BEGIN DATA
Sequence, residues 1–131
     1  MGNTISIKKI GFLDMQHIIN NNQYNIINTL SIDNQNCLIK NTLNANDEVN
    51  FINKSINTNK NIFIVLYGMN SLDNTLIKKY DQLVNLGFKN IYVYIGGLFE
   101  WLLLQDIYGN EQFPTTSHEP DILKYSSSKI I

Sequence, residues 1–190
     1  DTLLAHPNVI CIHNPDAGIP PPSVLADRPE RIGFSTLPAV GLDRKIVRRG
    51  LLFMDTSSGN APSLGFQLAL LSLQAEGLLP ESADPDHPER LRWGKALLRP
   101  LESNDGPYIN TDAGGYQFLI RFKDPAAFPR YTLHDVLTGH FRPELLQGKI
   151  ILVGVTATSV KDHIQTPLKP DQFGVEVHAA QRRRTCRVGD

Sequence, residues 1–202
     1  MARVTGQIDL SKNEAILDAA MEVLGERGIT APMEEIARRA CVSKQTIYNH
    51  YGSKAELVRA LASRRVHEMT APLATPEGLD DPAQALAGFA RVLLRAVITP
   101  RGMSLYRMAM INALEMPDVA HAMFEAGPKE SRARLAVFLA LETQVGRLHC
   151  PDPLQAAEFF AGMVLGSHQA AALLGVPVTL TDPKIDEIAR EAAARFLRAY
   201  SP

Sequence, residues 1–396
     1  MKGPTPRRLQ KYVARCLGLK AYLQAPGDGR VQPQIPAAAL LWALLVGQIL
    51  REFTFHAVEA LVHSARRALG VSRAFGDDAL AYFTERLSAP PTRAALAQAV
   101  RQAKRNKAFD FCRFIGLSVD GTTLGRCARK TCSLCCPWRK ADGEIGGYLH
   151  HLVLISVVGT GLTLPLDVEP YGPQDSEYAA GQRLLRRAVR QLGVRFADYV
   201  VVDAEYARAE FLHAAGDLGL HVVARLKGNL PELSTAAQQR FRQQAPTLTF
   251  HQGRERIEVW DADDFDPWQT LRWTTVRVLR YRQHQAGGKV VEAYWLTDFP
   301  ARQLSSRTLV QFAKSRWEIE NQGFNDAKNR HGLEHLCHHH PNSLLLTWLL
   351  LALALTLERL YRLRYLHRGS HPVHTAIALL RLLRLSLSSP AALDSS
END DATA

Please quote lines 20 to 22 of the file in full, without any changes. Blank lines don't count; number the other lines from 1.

   151  HLVLISVVGT GLTLPLDVEP YGPQDSEYAA GQRLLRRAVR QLGVRFADYV
   201  VVDAEYARAE FLHAAGDLGL HVVARLKGNL PELSTAAQQR FRQQAPTLTF
   251  HQGRERIEVW DADDFDPWQT LRWTTVRVLR YRQHQAGGKV VEAYWLTDFP